Sunday

November 17th, 2019

Insight

Who benefits from a Biden collapse?

Ed Rogers

By Ed Rogers The Washington Post

Published Oct. 3, 2019

Who benefits from a Biden collapse?
In the midst of all the coverage of the Trump-Ukraine phone call fiasco, one possibility for the 2020 presidential campaign that many political leaders are thinking about is going under-reported.

Specifically, what if Joe Biden's campaign collapses?

It will be ironic if President Donald Trump set out to gather compromising information about Biden, only to have it turn out that he wouldn't have to use it because the ongoing overreaction by the Democrats and their allies in the media have had the same effect - sinking the Biden campaign.

It is certain that Biden's opponents are calculating this same scenario. So, who benefits from a Biden collapse?

The former vice president's support is made up of traditional establishment Democrats, moderates and African Americans. It is hard to see how they would flock to Sen. Bernie Sanders, I-Vt., And Sen. Elizabeth Warren, D-Mass., who has the hottest campaign, has moved so far to the ideological left that she might turn off a lot of Biden supporters. Sanders and Warren are revolutionary candidates, while Biden has been the choice of the non-revolutionary wing of the Democratic Party. Is there a moderate in whom Biden supporters could find a comfortable home?

The four most likely are South Bend, Indiana, Mayor Pete Buttigieg and Sens. Cory Booker, D-N.J., Amy Klobuchar, D-Minn., and Kamala Harris, D-Calif.. Andrew Yang's campaign has caught some fire with younger, tech-savvy types, but these were not necessarily ever in Biden's fold except possibly by default.

It is probably no coincidence that Harris just recently announced yet another reboot of her campaign. She was, after all, the first to take a swing at Biden in the first debate, and so it would stand to reason she believes the spoils of a Biden collapse should be hers. But despite several false starts, she has consistently failed to catch fire.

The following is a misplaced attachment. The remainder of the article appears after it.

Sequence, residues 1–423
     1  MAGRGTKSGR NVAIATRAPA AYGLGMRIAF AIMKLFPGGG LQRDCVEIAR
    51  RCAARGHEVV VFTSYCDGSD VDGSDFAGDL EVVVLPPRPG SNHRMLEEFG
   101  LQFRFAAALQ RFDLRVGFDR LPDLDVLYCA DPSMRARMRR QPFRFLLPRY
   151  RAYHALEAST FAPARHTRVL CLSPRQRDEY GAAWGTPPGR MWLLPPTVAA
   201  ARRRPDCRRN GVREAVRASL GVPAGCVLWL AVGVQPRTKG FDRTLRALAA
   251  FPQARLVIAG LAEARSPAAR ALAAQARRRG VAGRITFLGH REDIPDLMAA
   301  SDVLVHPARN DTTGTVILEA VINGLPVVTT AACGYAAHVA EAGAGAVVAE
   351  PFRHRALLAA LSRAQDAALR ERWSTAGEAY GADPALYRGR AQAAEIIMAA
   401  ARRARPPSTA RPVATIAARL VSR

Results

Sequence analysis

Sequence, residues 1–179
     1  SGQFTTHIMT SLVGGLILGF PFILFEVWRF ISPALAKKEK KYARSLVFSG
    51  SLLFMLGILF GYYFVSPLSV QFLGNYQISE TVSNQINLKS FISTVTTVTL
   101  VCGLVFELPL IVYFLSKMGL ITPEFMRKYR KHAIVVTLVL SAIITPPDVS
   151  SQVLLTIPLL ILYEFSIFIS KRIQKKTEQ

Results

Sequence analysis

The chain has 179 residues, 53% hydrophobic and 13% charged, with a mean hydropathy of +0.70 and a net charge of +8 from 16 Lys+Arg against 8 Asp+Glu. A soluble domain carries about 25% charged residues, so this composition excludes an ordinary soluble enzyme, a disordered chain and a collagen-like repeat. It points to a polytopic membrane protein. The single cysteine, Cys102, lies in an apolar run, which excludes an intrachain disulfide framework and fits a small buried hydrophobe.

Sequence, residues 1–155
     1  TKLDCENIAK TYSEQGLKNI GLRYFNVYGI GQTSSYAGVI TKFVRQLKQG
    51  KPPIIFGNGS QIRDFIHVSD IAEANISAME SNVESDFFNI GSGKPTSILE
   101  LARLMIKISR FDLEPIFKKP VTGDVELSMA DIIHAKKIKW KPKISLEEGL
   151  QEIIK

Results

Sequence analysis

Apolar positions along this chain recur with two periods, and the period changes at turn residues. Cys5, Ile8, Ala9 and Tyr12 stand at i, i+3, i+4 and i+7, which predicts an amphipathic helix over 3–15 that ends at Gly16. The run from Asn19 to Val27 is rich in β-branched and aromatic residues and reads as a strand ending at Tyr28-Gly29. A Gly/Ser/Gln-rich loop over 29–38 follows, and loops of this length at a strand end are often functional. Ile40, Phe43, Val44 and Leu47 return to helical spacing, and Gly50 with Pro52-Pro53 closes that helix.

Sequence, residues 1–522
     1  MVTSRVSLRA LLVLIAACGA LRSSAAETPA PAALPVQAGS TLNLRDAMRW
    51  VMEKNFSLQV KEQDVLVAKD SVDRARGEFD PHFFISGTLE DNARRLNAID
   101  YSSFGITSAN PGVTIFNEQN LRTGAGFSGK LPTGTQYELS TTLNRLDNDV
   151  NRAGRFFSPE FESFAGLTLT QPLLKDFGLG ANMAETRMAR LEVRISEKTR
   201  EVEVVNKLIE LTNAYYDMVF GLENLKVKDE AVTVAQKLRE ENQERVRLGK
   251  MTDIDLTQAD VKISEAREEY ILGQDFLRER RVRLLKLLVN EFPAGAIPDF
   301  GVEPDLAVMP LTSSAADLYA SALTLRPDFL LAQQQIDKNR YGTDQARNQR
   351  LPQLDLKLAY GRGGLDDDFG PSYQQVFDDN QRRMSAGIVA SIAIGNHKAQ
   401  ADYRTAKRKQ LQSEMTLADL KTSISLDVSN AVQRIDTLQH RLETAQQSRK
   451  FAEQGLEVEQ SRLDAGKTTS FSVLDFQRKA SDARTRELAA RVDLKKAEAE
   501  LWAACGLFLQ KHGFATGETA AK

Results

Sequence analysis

Klobuchar has been consistent in playing the Midwestern, middle-of-the-road card since day one of her campaign. She is smart with a head for policy and a record of reaching across the aisle. But her campaign has been sleepy from the start, and it is hard to imagine her campaign suddenly catching new energy.

Booker ranked in the top tier of performers in the last debate, and he is likable.But despite his best quarterly fundraising haul to date in the third quarter, his campaign seems stalled. Maybe he could find some energy in the vacuum created by a Biden collapse.

Buttigieg raised more than $19 million in the third quarter - $6 million shy of what he reached in the previous quarter, but nothing to shake a stick at. Buttigieg is one of the most effective fundraisers in the race. Still, everyone says "I really like him, but. . ." and then proceeds to something along the lines of "this just isn't his year" or "he would make a great secretary of. . ." - which is what they said about Biden for much of his career.

Who knows? Maybe Sen. Michael Bennet, D-Colo., will get a second look. He was cut from the last debate, so he'd have to make the next one to show everyone that he is still in the race. To be honest, doing some research was necessary to determine whether he was still an active candidate. And oh by the way, he is further to the left than he looks. The same goes for Montana Gov. Steve Bullock.

In short, there's no obvious beneficiary of a Biden downfall, which shows just how much the political gods are looking out for Trump. After all, the whole basis of Biden's appeal was that he would be a stable, electable alternative to the daily drama of Trump - exactly what moderates are looking for. But as I have noted before, with Democrats pushing for impeachment, what is bad for Trump might be even worse for Biden.

While impeachment might be emotionally satisfying for Democrats, it might also cost them their most electable candidate.

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Ed Rogers is a a political consultant and a veteran of the White House and several national campaigns. He is the chairman of the lobbying and communications firm BGR Group, which he founded with former Mississippi Gov. Haley Barbour in 1991."

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